By Steve ByasThe teacher strike of last spring has brought the issue of public education to the forefront in Oklahoma politics. This column is not going to even attempt to tackle some of the issues concerning public schools in our state that have been floating around out there for several years, such as district consolidation, merit pay, and education vouchers, euphemistically known as “school choice.”
What I want to address is the idea that “certification” molds better teachers. Certification, like all forms of licensing, is very effective in achieving certain objectives, to be sure, including keeping some really good people out of the profession and indoctrinating new teachers into the progressive philosophy of education.
Lamentations about the “teacher shortage” is pretty much crocodile tears, when coming from educationists who put aspiring teachers through a gauntlet of requirements to get certified that have little to do with producing qualified classroom teachers. On the contrary, much of the certification process is designed to produce teachers who are to think alike and talk alike.
Bluntly put, a great teacher is a person who is creative, yet what prospective teachers go through to get certified is to learn that you are to think inside the box. Don’t question the latest educational theory – be it mastery teaching, outcome-based education, school-to-work, whatever.
Another aspect of this certification mantra is to nationalize education, with every teacher to follow certain “standards.” I recently read about “education” in France, in which one of its advocates expressed pleasure that he could look at his watch on a given day and know what was being taught in that grade level or subject area in every classroom in the country. Before you think that is just the French, you should know that multitudes of educationists in this country would like the same thing here.
National testing means a national curriculum. And who writes these test questions? It is not some supporter of limited government and conservative social standards, I can promise you that.
But nothing irritates me more than the slanderous remarks made against those teachers known as “emergency certified.” They are pictured as unqualified, at best, and potential criminals, at worst. Think I am exaggerating? We hear, from time to time, of a teacher who is fooling around with a student or embezzling funds, or what have you. That makes more news, obviously, than the many teachers who try really hard, are honest, are moral, and so on. And it is grossly unfair to tar the vast majority of teachers for the sins of the few.
However, when these stories hit the newspapers, and the rest of the mass media, never are these teachers identified routinely as, “Mary Jones, a certified teacher, was having an affair with her 12-year-old student.” And it would be ludicrous to do, because her being a “certified teacher” has no bearing on her being a moral and honest person.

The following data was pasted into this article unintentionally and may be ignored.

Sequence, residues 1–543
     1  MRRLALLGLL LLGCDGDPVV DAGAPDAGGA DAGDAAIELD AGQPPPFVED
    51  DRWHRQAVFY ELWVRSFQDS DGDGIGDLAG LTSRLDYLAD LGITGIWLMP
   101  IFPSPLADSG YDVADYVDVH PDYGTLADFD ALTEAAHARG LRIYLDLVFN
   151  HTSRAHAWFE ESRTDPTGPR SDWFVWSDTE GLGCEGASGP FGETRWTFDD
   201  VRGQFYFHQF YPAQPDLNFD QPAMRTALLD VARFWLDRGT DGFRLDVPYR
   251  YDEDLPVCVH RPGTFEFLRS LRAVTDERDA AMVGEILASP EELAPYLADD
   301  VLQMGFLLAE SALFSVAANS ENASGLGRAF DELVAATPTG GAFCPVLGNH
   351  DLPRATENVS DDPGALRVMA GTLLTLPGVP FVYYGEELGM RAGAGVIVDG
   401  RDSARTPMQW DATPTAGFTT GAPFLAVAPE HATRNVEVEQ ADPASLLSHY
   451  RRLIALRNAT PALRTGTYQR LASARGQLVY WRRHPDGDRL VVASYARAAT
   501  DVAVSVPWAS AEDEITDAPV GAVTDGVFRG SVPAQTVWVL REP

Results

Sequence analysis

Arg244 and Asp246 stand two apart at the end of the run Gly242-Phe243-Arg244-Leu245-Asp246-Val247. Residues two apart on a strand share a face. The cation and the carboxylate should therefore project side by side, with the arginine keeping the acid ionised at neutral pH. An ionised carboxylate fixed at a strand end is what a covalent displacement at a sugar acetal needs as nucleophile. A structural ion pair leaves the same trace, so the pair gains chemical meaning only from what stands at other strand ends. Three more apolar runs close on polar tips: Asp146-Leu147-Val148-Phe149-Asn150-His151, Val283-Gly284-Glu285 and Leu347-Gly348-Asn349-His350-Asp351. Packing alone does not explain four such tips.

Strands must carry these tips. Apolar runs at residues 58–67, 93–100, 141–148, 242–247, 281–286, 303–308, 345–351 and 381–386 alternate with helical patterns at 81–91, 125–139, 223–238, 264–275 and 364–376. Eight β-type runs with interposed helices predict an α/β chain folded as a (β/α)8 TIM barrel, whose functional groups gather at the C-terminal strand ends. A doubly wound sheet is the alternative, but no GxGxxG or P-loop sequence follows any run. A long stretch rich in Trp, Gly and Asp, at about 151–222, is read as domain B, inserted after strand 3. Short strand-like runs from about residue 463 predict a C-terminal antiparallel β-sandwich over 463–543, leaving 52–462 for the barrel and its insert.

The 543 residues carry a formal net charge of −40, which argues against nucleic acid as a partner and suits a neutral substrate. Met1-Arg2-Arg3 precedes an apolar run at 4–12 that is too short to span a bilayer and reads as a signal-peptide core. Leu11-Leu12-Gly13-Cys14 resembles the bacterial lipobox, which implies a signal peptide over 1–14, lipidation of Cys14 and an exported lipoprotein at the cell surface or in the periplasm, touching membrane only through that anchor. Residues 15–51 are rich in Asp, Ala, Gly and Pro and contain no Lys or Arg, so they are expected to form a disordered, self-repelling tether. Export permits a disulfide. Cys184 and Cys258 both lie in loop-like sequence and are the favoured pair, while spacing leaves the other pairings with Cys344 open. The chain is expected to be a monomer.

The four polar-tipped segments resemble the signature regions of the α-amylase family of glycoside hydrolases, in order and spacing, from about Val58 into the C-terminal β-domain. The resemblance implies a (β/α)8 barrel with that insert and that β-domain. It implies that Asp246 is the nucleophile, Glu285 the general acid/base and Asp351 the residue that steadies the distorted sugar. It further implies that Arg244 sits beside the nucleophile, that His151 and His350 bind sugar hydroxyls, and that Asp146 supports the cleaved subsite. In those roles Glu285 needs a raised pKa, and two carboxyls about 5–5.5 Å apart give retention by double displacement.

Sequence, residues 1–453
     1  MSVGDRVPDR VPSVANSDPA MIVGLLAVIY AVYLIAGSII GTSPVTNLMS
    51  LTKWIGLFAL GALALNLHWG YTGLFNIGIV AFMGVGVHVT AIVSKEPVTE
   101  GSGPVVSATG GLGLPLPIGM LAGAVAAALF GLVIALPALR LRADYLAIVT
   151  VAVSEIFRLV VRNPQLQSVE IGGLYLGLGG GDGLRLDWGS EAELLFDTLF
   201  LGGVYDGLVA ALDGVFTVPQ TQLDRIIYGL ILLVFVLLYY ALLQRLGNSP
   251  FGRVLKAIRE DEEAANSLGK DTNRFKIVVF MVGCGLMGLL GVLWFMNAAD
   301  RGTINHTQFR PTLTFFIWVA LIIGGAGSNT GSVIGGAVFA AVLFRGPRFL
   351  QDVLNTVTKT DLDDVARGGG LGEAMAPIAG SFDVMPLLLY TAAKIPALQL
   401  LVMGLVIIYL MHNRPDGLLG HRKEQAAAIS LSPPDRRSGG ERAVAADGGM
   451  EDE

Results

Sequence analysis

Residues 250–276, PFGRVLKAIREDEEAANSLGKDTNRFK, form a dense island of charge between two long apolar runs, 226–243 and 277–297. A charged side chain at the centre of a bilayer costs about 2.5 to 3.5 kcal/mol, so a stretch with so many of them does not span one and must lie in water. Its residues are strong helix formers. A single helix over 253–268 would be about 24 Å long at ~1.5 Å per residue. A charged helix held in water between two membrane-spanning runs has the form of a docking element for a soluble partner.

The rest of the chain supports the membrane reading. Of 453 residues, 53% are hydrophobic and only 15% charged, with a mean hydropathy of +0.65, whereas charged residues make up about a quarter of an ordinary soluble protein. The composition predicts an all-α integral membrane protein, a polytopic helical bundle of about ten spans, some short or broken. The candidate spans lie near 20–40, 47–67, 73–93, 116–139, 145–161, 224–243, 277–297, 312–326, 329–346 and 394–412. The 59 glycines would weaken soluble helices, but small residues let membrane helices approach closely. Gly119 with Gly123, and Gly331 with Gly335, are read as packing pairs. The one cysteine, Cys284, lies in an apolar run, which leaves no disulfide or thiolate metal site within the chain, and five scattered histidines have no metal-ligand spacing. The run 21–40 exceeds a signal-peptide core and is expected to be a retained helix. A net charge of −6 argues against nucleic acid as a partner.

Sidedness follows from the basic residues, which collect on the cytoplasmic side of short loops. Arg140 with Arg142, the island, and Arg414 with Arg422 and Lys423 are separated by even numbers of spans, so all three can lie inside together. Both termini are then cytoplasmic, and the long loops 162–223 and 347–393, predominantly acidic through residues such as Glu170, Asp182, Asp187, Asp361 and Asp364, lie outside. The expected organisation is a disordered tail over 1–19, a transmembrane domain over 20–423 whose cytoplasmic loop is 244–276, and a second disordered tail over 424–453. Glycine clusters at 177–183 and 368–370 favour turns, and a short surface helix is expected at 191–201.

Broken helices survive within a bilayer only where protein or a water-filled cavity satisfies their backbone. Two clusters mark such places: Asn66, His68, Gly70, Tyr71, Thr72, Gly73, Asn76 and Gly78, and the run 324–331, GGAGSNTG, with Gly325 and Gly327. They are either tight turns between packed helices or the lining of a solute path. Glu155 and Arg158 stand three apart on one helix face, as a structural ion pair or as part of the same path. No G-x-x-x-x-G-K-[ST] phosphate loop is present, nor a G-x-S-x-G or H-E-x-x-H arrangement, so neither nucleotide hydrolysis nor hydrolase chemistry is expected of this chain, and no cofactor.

Yet, if a person is “emergency certified” who also does something criminal or immoral and makes the news, then that piece of information (being “emergency certified”) is slipped into the story, as though being emergency certified makes a person more likely to be a child molester.
What a despicable slander on all these men and women who simply want to be a teacher.
When State School Superintendent Joy Hofmeister was asked if there is any evidence that having an “emergency” certified teacher in the classroom, rather than a standard certified teacher in the classroom, improves educational outcomes, she replied, “Unfortunately, there is a dearth of evidence on that topic.”
Robert Maranto, professor of education at the University of Arkansas, confirmed Hofmeister’s admission. “There doesn’t seem to be much evidence that non-traditionally certified teachers are better or worse.” Maranto added, “I don’t think having a lot of emergency certified teachers is a bad thing. Traditional teacher certification is not a guarantee of quality.”
When you get down to it, what makes a person a good teacher is knowledge of the subject matter, and a burning desire to convey that knowledge to others – a person who gets a “thrill” out of leaving school for the day with the knowledge that he or she has told someone something that did not previously know, or that he or she has conveyed some new skill to another person. Some individuals have the aptitude, temperament, and “knack” for teaching – and some just do not.
All certification accomplishes is that it keeps out many individuals who would make great teachers, if only they did not have to go through a certification process designed to produce a card board cut-out robot.
Steve Byas is editor of the Oklahoma Constitution newspaper. He may be contacted at: email@example.com